Richard Bennett is a UK-based evaluator who has been supporting coalitions and networks around the world since long before it was cool. We collaborated on an advocacy coalition project, and I learned immensely from his insight into what makes coalitions and networks work. I’m grateful that he has translated his experience to an excellent new paper, published by the King Khaled Foundation and the International NGO Training and Research Centre (INTRAC).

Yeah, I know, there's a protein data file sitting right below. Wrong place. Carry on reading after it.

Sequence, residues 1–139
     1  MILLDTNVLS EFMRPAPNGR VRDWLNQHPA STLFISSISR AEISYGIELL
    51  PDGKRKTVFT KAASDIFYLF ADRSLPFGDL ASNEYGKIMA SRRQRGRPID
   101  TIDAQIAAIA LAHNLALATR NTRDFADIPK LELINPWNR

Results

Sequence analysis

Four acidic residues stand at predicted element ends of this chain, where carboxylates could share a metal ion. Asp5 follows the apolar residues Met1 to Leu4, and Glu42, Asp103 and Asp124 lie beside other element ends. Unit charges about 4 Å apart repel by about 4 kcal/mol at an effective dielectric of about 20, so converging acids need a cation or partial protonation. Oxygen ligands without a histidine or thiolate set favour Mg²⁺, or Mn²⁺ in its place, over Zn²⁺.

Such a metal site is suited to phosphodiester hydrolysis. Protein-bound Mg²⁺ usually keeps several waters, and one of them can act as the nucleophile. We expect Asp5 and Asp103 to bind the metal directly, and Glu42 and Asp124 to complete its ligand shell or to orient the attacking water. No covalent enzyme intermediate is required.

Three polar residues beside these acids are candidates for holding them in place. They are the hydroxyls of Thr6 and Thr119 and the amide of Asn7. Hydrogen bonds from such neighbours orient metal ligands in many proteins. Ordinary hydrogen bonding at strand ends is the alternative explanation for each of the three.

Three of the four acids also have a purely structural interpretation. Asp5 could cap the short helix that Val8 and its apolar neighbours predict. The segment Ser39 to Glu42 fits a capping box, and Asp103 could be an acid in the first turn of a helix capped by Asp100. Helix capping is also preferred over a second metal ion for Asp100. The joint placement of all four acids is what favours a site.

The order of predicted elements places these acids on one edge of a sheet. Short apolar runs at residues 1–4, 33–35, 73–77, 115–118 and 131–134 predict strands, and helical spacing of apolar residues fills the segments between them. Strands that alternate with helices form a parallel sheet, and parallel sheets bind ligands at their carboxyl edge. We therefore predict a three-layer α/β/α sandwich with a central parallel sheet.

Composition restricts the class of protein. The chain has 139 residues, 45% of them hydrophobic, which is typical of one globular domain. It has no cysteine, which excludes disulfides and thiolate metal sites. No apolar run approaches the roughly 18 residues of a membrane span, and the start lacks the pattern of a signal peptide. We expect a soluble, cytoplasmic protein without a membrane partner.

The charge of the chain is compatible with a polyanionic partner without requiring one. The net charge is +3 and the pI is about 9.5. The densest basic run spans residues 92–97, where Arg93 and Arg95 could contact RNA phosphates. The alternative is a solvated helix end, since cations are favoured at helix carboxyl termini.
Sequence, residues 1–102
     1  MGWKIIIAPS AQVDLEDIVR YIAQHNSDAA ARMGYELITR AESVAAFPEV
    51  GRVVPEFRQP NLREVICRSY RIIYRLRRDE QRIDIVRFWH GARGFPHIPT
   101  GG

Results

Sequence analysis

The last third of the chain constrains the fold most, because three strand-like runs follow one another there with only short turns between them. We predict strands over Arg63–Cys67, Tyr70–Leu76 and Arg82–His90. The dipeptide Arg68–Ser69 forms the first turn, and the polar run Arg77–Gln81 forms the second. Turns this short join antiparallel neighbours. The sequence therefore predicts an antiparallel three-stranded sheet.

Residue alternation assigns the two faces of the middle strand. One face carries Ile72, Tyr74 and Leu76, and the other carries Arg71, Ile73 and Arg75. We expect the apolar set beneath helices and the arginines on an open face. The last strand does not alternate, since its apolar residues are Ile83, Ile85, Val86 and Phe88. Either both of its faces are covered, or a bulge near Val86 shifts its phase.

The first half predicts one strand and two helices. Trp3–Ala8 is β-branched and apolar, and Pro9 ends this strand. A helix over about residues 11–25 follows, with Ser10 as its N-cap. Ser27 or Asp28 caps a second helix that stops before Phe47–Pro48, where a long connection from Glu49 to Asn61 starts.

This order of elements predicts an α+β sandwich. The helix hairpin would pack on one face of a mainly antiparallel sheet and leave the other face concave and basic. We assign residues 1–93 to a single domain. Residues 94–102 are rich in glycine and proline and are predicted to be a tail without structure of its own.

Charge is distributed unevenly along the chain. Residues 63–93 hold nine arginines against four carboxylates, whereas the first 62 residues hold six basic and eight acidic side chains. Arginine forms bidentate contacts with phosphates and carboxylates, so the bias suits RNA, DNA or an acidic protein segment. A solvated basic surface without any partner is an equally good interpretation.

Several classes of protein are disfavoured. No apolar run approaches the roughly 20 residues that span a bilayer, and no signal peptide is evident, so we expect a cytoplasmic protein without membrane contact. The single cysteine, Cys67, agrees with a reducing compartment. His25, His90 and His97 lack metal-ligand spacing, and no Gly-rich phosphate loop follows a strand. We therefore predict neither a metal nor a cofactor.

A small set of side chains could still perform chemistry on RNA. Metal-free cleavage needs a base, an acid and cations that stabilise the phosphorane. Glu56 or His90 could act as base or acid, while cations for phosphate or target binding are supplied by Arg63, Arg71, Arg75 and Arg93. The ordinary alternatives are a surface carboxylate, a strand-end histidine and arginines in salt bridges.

Bennett’s model of effective coalitions emphasizes qualities and practices connected in what he dubs “virtuous circles”. Collaborative work centers on relationships. Focusing on the connections between members, and the qualities and practices that help these thrive, can amplify and extend collective impact. The proverbial sum can be bigger than the parts. Shifting the evaluation lens from what coalitions do – the work they produce – to also looking at how they do it can help evaluators, funders and participating organizations cultivate stronger collective action.